By Katie Montei

The God of All Culture

Since college Jessica Grahmann has felt called to minister to Native Americans. For the past two-and-a-half years she has been an InterVarsity staff worker at Northern Arizona University in Flagstaff. With help from several other people with a heart for Native Americans, she has worked to start an ethnic specific ministry to the native students there. While the work is wearing and challenging, the new chapter has thrived.

God’s Call
Jessica’s life has been marked by a devotion to prayer, reflection, and obedience to God. Until she heard God’s call for her to minister Native Americans during college, at the University of Wisconsin – Eau Claire, she had considered dropping out of school to do mission work overseas. But she felt God calling her to continue her education. She began to fast and pray, and it was during that time that she began to recognize God’s call upon her life.

For six years after college Jessica worked with the International InterVarsity chapter at the University of Wisconsin – Eau Claire. But she continued to pursue God’s calling by finding ways to incorporate ministry to native people.

She established a spring break immersion trip for InterVarsity students to pray and serve the Lac Courte Oreilles, an Ojibwe tribe in Northern Wisconsin. During those trips Jessica taught students important lessons she had learned in approaching other cultures – to enter into a native culture and see what God is already doing, and to pray and discern how to proceed.

Observing a New Culture
When Jessica moved to Arizona with her husband and two children in the fall of 2006, she did exactly what she had taught her students for so many years. She spent the entire school year praying and interceding on behalf of the native students before she started actively pursuing a campus ministry. This gave her a chance to discern and observe the native culture in Arizona and how it differed from the native culture she had grown accustomed to in Wisconsin.

Jessica and her ministry partners started ministering on campus in the fall of 2007. After a lackluster first meeting, the chapter began to grow. During a spring conference, two of the men from the chapter accepted Christ – and their testimony led a third man to accept Christ as well.

A New Ministry
By the end of the year about twenty students were actively involved in the chapter, almost half of whom are still not Christian. Jessica said, “A lot of the students feel very connected to the chapter, and even experience God, but have a hard time making the decision to follow Christ if they come from a traditional family.”

It is difficult for students to consider sacrificing family or religion in order to follow Christ. But when the students do submit to Jesus, there is a significant change in them; they are finally able to release the tension that had been building in them from their resistance to the Lord.

This year the returning students came to campus excited to reach their friends with the gospel. About 40 students now come to chapter meetings every week; the chapter has doubled in size. The non-Christian Bible study has about 17-20 people attending. And over the course of the semester five women accepted Christ.

Cross-Cultural Challenges
But ministering to Native American students has brought many challenges to Jessica – not the least of which is her different ethnicity. As a white woman, it took some discernment on her part to figure out how God would use her to minister to a group of students from a very different culture.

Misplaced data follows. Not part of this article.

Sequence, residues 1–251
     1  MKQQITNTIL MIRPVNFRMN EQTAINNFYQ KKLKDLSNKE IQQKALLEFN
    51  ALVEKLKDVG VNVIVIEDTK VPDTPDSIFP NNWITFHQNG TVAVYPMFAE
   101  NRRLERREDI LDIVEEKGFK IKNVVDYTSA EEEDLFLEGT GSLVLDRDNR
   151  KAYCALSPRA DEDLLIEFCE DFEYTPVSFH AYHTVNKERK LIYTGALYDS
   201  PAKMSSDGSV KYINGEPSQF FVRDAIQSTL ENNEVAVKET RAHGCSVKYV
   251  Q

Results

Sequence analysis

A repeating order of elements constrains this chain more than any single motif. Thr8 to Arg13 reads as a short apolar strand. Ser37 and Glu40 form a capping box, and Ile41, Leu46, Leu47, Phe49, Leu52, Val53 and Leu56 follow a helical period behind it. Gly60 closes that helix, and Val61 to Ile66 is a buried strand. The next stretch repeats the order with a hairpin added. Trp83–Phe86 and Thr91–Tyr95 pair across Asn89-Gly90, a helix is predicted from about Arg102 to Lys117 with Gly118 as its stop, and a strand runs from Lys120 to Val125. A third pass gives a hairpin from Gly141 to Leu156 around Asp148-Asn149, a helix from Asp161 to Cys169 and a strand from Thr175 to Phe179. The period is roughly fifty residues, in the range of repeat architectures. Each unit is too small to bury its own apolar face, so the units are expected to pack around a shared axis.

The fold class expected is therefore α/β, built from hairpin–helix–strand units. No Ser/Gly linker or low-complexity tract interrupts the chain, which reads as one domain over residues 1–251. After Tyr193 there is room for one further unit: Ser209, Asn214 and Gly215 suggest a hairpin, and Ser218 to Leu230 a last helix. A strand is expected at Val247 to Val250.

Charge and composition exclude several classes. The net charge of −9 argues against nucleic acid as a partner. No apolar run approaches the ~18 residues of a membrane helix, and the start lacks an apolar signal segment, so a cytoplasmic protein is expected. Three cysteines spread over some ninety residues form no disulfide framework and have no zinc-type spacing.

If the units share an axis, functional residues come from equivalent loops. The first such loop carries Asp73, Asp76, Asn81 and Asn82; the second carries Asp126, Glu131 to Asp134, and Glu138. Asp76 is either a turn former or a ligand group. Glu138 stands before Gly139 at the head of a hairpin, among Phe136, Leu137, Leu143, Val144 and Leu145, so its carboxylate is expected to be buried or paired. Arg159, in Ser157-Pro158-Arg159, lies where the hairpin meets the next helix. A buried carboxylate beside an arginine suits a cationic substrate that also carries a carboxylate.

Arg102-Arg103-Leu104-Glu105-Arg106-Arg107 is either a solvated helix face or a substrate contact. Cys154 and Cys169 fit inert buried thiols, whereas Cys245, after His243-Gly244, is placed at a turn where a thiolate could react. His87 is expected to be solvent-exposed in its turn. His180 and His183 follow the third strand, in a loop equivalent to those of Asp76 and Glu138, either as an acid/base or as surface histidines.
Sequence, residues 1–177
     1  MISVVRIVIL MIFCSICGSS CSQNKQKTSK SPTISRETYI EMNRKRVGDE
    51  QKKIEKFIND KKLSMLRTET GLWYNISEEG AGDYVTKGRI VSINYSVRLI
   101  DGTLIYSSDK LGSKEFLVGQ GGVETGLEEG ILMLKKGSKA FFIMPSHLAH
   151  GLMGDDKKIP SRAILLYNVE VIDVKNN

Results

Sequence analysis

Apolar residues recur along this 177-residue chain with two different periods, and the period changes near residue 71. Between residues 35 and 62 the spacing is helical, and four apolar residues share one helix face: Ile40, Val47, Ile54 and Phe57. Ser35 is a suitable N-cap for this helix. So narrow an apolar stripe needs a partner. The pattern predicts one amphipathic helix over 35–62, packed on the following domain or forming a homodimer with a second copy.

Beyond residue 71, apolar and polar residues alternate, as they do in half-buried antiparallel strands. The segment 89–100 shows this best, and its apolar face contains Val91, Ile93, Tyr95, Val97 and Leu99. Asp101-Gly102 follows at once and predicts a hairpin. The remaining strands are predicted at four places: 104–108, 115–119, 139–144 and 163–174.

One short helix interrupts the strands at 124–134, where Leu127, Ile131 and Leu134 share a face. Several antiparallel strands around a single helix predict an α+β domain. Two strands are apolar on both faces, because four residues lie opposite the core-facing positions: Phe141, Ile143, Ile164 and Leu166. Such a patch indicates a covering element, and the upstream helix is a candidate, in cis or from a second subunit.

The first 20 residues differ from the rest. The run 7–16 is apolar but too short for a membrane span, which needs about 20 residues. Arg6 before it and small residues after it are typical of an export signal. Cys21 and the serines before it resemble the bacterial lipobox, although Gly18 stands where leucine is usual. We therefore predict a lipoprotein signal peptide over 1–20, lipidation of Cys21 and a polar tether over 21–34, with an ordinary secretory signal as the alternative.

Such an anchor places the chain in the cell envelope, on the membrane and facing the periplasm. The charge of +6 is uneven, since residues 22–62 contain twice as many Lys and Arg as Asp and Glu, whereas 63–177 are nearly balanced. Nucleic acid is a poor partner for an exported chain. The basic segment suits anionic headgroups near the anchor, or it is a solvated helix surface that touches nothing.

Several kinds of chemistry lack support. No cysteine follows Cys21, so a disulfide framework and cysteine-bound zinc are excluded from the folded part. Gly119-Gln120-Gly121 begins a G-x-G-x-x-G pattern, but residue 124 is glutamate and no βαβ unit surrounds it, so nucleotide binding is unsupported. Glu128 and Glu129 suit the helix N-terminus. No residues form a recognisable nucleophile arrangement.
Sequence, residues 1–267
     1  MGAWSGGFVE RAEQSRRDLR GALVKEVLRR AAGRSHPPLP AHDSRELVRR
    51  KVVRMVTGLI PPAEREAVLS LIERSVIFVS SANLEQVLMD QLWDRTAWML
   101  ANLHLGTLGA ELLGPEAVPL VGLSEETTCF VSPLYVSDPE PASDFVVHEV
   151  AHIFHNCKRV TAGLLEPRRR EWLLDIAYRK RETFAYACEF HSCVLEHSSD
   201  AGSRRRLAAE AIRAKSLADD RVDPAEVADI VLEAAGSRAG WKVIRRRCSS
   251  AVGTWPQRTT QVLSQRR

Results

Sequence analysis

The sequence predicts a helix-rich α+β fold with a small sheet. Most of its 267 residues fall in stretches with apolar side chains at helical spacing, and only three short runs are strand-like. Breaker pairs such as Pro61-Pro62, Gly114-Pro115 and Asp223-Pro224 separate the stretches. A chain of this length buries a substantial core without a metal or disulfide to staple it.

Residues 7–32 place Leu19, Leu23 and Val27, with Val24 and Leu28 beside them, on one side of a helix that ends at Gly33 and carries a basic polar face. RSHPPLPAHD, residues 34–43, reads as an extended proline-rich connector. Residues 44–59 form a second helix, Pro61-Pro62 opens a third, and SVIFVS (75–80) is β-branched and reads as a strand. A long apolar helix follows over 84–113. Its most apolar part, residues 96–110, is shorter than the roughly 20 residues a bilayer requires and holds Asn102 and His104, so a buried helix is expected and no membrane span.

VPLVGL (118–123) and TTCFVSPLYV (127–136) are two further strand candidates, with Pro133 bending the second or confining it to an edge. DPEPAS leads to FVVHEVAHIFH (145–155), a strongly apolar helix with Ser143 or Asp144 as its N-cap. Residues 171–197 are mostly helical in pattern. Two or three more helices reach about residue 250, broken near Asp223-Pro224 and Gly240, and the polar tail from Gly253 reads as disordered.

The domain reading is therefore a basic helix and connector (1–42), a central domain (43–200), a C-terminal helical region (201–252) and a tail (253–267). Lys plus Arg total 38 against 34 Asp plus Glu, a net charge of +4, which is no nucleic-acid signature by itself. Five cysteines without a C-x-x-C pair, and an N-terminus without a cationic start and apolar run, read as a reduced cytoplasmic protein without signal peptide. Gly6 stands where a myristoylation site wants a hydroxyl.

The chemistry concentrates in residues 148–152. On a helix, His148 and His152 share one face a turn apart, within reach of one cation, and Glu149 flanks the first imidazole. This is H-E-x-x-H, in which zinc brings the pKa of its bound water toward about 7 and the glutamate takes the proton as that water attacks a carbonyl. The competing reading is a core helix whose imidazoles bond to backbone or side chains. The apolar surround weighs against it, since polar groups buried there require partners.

She wants to lead her students to the feet of Jesus without dictating to them how they will incorporate their new faith into their culture – it is left up to them to discern what it means to be Christian and Native American. Jessica said, “It’s my job to lead them to Jesus and help them along the way as they discern what it means to follow Jesus as a native person. But it’s hard. As leaders we’re torn between the need to do something and the need to let them stand up and figure out for themselves what it looks like.”

Jessica has also felt the burden of trying to reach a student population that has proven very transient. Because of family situations, or other reasons, about one-third of native students don’t return to school.

“Seeing the weight of spiritual and physical oppression on these students, it’s hard to stay in a place where you can walk in that and not be overcome by it,” she said. She and others who have developed this ministry have held practical seminars on relationships, finances, and study habits, to help the students to avoid common pitfalls.

Staying Committed
Despite the challenges, Jessica has never wavered in her commitment to following God’s call. Seeing God work in the lives of her students brings her joy. “Their lives may have many hardships and they face things that I have never had to face,” she said, “but I can see God in the midst of their suffering and diversity. I see it in their spirit – their ability to be all that God as called them to be when they are in the midst of very difficult places. God is moving powerfully!”

After a difficult, but rewarding couple years starting this ministry, God has blessed Jessica with the opportunity for a sabbatical. For the past several months, Jessica has been able to step away from the ministry and replenish herself. Already God has taught her to let go of the ministry to which she had a firm hold. “The ministry is not mine,” she said. “What God is calling me to right now is rest.”

In her first year of ministry Jessica’s job was not to build, but to pray, now her job is not to build, but to rest. At the end of her sabbatical Jessica says she will return to the ministry refreshed and ready to take on new challenges, but right now she reminds herself, “God is the God of all cultures all the time, and he is still working.”